November 2006

1. Improv:21

2. Rova Concerts

3. Virtually Spinning

4. RadiOM
5. Favorite Street: Steve Adams

6. Upcoming events

7. New CD from What We Live

8. Our Space and more…

In conjunction with the turbulent fall, the art continues. Rova and Rova:Arts are busy in the creativity department – the band in the shed preparing new work, and the organization hosting informances by composers challenging assumptions about how we experience music. Adams is doing some deep listening. Check it out.

1. Improv:21

Rova:Arts is pleased to announce the 2006-2007 season of Improv:21, a continuation of its highly successful series of informances on 21st-Century musical improvisation and composition, led by master improvisers from the Bay Area and beyond. And this year co-sponsored by SFPALM in association with Other Minds.

On Monday November 13 @ 7PM: JOHN ZORN "Q + A”

San Francisco Performing Arts Library & Museum

Zorn presents “Q+A.” Literally a question and answer session with you, the audience, plus long-time performer and conductor of Zorn’s works William Winant; and also Rova member and long-time friend and ally Larry Ochs. Zorn has been at the center of the improvised music scene since before it was a scene, creating inventive music that explores the spaces between and among genres, defying convention and redefining the experimental possibilities of musical performance. He has also been creative on the business side of the music as well, starting the most successful indy improvised-music label of all (Tzadik) and recently opening up a club in NYC (The Stone) where the music takes center stage at all times and the musicians receive 100% of the door. Subjects for Q + A will be chosen improvisationally and jump-cut from topic to topic, probably including discussion of his artistic influences, his concepts on the artistic process, his mammoth recording output, his bands, and his compositions.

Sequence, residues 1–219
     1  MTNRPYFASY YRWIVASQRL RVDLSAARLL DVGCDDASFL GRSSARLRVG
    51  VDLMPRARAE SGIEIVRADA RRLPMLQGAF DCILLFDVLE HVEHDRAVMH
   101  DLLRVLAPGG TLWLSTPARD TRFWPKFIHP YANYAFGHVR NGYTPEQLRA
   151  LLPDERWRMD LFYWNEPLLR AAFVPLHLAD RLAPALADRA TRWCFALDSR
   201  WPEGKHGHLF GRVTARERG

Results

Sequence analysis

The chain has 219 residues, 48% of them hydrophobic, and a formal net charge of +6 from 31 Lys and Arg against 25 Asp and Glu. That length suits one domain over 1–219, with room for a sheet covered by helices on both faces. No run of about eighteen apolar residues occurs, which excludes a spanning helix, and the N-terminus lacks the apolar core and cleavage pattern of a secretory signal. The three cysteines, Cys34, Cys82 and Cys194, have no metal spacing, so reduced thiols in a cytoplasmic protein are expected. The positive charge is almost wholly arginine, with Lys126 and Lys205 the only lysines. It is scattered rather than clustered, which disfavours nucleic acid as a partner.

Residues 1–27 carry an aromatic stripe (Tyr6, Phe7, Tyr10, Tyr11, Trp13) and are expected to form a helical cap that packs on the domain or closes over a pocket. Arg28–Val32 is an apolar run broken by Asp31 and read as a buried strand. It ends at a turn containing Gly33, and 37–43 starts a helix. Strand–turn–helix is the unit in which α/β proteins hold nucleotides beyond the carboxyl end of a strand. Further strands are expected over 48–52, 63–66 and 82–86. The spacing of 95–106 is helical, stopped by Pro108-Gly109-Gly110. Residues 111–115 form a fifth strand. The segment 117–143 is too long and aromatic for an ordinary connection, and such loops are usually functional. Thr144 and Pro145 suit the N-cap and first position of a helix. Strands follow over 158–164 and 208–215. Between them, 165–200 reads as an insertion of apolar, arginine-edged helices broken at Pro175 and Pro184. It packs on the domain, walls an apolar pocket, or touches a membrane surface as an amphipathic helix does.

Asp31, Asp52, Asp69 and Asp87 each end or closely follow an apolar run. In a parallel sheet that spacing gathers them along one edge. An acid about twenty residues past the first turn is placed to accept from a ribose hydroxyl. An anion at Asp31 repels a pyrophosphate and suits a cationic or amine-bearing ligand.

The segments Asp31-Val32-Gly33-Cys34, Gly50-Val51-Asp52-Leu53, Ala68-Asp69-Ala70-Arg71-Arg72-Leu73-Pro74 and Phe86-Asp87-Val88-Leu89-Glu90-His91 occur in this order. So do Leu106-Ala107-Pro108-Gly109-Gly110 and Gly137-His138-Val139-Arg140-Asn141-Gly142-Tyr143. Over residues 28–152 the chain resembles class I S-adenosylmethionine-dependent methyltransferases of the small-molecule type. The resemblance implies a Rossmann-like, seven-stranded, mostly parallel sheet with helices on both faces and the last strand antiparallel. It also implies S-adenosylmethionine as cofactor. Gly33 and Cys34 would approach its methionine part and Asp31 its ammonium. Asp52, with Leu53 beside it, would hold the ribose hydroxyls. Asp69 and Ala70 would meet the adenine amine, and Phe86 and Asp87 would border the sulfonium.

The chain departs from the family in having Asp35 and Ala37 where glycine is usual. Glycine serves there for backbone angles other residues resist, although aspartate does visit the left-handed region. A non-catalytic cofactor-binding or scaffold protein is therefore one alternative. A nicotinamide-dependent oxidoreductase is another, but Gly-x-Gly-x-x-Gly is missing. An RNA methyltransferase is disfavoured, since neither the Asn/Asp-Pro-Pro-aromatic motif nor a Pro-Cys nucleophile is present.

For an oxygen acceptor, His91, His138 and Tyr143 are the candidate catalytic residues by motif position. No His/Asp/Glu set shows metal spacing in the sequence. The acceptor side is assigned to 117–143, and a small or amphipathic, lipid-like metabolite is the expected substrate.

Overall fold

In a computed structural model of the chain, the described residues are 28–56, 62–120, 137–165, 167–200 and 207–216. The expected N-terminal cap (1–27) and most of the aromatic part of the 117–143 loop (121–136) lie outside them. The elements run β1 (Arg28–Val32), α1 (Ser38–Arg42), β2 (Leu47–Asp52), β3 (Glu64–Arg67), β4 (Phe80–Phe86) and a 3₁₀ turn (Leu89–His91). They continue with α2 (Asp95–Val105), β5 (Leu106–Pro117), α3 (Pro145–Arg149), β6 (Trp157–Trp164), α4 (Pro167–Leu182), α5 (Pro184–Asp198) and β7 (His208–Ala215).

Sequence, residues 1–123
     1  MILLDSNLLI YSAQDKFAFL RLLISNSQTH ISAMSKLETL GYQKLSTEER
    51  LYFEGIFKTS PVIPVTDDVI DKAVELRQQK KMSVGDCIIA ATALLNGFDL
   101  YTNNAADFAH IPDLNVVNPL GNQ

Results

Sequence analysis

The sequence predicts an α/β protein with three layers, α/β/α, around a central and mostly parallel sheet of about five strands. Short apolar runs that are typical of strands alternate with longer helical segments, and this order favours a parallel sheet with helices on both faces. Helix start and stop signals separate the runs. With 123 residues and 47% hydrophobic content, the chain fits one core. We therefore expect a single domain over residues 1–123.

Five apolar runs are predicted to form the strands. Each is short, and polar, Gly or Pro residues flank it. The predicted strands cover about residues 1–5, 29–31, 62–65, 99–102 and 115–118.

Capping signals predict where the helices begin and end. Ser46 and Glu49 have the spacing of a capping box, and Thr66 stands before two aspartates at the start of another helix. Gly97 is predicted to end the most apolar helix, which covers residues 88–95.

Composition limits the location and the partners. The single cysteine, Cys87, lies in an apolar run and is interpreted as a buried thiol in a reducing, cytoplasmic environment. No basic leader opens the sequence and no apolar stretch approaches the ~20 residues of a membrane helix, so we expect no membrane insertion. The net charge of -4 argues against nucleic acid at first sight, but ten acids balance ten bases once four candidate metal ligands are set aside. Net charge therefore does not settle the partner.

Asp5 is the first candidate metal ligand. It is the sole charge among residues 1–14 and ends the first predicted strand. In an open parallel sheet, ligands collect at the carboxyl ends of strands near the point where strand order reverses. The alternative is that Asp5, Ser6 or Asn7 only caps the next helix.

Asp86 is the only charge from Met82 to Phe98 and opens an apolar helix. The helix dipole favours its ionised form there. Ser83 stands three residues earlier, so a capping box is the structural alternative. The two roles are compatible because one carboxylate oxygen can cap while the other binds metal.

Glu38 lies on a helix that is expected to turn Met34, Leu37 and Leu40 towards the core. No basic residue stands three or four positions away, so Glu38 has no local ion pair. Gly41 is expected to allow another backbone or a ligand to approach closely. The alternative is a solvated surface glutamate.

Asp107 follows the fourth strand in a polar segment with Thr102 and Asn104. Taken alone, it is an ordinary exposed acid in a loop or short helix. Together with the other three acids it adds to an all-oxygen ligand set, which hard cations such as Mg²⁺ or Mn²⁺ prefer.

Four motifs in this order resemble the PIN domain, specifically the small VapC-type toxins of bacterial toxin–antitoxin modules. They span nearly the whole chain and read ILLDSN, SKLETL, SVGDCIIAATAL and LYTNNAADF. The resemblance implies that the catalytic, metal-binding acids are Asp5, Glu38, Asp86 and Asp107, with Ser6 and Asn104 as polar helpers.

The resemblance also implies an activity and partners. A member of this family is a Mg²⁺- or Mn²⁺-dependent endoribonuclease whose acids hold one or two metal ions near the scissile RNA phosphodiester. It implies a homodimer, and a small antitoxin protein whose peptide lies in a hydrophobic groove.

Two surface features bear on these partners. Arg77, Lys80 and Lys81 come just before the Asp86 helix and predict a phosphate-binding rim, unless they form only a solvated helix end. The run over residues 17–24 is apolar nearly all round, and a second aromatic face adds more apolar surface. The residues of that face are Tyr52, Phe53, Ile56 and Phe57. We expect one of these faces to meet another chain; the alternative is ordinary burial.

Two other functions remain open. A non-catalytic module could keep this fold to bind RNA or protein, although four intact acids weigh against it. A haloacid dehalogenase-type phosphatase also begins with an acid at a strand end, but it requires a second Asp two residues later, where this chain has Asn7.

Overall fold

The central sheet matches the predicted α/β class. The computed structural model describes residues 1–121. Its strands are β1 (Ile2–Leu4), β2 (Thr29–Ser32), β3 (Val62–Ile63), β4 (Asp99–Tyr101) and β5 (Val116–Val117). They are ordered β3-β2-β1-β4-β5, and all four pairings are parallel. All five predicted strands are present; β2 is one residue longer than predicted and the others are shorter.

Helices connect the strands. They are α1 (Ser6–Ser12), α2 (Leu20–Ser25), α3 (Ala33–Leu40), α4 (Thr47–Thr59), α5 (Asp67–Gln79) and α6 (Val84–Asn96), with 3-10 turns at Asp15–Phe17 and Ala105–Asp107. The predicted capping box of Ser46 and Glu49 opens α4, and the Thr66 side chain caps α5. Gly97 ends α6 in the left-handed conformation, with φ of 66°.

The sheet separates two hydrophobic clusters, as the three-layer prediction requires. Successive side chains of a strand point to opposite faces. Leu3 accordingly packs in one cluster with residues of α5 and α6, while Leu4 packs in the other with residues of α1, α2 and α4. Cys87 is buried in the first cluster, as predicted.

The Nov. 13 informance is presented in association with Cal Performances which will host a concert of John Zorn's compositions on Sunday November 12th. For further information on the concert [click here]